Simplified: The City of Sioux Falls wants to be crystal clear about what it wants lawmakers to focus on in the upcoming legislative session. That's why the council's draft wishlist is only three items long.
Why it matters
- The Sioux Falls City Council historically sets a list of a dozen or so priorities every year ahead of session. Last year, for example, there was a list of 15 items ranging from supporting pollinator-friendly plants to accessible housing.
- The number one priority so far (and it's worth noting no formal action has been taken on these priorities, so things can change) is addressing crime, specifically crimes committed by people who've previously been incarcerated.
- By narrowing the full list down to three – maybe four – areas of focus councilors are hoping to send a strong message from the state's largest city to lawmakers that they want to see progress on all items.
"You may get to a situation where you have 20 good ideas, but you can’t have 20 priorities," Councilor David Barranco said, later adding, "we have to have a short list in order to get legislative action."
So, what are the top three priorities?
- Strengthening the criminal justice system.
Merkouris expressed concerns about the number of inmates currently in jail who had been on parole or probation (about 44 percent).
- He also noted concerns about the eight police shootings Sioux Falls has seen in the last year. Police Chief Jon Thum told councilors that six of those eight shootings involved people who were "no stranger to the legal system."
"We want to see legislation, studies, whatever it takes ... nothing else matters unless we have public safety," Councilor Rich Merkouris said during Wednesday's council work session.
2. Cutting red tape on a $200 million fund to support building workforce housing.
The legislature last year approved $200 million in funding to help pay for the infrastructure needed so builders can build affordable "workforce housing." But that money got stuck in limbo amid confusion as to who it's really for.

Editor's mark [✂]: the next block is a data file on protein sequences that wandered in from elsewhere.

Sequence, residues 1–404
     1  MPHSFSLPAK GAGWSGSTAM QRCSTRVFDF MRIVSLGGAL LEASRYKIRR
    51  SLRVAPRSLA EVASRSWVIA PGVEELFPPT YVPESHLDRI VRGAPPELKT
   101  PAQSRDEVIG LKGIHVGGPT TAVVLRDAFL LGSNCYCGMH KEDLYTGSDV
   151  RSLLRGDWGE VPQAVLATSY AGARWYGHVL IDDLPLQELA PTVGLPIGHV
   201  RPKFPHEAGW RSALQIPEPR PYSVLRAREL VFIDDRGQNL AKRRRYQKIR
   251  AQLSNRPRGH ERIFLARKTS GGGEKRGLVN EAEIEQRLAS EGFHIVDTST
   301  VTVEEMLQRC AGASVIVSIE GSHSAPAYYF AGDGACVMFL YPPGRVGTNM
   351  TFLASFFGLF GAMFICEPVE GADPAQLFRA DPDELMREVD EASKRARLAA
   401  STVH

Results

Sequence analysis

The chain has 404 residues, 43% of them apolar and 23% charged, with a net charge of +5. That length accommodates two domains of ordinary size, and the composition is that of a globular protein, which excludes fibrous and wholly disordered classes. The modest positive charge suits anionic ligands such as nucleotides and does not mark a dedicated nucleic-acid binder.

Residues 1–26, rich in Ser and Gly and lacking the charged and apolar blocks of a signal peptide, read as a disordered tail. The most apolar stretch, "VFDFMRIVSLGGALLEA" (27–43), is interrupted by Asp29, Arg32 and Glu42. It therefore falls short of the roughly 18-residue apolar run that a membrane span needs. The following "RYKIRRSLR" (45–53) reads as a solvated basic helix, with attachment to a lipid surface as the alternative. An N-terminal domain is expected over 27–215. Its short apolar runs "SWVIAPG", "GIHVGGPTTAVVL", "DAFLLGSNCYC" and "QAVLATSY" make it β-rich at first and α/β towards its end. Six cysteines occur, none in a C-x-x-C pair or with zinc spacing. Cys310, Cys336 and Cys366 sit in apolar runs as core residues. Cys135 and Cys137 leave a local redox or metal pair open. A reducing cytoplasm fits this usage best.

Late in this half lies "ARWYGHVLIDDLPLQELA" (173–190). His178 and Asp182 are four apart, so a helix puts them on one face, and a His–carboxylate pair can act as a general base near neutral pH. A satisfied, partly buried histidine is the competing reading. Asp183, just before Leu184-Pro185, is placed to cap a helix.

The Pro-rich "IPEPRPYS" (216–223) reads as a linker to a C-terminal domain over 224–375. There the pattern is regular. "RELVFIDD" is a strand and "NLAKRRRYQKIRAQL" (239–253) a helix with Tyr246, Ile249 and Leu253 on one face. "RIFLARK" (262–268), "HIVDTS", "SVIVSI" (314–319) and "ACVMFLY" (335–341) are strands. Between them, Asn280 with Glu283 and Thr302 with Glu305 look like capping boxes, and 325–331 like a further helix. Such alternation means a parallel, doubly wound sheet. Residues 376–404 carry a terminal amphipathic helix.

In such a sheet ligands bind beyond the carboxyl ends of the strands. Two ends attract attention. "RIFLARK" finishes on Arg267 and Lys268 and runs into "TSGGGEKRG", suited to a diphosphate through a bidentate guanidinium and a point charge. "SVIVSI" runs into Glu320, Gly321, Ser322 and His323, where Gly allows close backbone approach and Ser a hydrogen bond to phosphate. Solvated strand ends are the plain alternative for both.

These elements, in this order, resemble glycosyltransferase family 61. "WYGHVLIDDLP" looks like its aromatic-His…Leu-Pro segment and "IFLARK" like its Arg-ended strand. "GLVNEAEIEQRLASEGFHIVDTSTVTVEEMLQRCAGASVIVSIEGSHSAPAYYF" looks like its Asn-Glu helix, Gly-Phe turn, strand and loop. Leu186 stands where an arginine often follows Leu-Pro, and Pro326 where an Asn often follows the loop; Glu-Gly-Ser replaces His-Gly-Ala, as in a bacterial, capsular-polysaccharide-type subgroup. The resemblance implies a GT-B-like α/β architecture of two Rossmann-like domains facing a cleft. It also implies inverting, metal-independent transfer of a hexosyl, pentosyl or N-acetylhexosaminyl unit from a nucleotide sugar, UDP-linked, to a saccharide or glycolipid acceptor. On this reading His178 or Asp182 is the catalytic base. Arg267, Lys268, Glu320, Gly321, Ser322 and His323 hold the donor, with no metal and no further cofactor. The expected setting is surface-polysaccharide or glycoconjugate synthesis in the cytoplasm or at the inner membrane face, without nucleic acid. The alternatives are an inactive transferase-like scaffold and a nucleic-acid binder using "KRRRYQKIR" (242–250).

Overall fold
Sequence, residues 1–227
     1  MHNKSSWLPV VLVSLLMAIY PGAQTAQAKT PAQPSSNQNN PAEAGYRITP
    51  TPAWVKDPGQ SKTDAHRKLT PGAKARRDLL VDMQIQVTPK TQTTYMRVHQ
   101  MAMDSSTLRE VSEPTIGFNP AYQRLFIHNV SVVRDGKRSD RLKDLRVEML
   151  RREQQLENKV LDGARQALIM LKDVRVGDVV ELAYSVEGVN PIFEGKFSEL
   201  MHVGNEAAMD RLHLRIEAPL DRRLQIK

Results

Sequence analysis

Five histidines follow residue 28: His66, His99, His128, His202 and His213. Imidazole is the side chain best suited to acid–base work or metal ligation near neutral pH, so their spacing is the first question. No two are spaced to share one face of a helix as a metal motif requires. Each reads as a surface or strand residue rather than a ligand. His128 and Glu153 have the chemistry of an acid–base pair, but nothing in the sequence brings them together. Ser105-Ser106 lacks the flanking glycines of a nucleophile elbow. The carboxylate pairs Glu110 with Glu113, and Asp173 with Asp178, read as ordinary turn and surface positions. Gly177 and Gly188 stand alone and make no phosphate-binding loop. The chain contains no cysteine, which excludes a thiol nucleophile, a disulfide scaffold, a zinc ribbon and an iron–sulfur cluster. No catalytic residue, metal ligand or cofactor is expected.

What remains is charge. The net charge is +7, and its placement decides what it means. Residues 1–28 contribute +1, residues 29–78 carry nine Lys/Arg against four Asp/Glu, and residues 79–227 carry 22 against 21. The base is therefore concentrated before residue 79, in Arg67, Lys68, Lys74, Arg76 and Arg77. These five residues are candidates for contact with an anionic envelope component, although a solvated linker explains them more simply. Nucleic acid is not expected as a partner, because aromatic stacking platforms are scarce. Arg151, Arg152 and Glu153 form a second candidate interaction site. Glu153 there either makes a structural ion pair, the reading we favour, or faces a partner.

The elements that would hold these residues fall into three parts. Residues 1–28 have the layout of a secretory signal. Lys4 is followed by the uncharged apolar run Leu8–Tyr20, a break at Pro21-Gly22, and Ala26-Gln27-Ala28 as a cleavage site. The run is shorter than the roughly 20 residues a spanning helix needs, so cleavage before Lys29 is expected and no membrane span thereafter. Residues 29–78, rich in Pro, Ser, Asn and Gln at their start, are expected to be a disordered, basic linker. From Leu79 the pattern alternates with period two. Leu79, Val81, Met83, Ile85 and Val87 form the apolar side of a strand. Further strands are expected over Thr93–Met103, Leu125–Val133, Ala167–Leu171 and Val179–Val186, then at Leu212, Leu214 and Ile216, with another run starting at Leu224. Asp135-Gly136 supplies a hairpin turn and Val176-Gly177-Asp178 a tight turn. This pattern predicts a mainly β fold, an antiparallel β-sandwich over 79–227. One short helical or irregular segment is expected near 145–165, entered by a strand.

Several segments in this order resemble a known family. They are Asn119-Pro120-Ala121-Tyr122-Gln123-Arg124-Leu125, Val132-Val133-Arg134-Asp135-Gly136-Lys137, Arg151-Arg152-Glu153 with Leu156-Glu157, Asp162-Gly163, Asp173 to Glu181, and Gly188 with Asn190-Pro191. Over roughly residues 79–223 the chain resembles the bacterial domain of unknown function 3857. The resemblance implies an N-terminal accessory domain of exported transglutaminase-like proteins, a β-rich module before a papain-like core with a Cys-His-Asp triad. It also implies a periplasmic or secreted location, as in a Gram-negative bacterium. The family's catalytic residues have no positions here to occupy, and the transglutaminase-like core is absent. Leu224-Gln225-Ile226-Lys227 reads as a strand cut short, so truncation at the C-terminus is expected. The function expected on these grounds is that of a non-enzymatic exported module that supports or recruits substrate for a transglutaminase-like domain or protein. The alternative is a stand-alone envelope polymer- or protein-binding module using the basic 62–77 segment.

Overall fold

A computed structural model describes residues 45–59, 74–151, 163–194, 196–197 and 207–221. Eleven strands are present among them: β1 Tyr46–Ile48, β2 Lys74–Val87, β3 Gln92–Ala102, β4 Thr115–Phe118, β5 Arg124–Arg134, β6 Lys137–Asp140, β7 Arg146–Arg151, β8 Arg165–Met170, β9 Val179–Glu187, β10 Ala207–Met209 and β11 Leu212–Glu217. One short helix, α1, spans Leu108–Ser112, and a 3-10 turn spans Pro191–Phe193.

- Councilors want to see that money get out to builders as soon as possible.
"We have $200 million. We have a housing crisis. Let's move that forward," Councilor Alex Jensen said.
3. Opposing any legislation that would reduce or repeal any municipal or county tax.
They're lookin' at you, food tax.
Gov. Kristi Noem announced earlier this week that she wants to see lawmakers do away with sales tax on food.
- But, the council expressed concerns about the state taking away a potential revenue stream when budgets at the city and county level can run tight.
- Both Merkouris and Jensen called for specifying that the council wants local control on this issue. It's possible the "local control" priority becomes a fourth bullet point on the list of priorities, as well.
"I want the county and the city to maintain opportunity to tax as our citizens ask us to tax," Merkouris said.
What happens next?
Jim David, the council's chief of legislation and policy, will put together a document with those top three (maybe four) priorities.
It'll then be up to the council to vote to formally approve them later this month during a regular City Council meeting.
Ultimately, it'll be up to state lawmakers, who begin the 2023 legislative session on Jan. 10, 2023.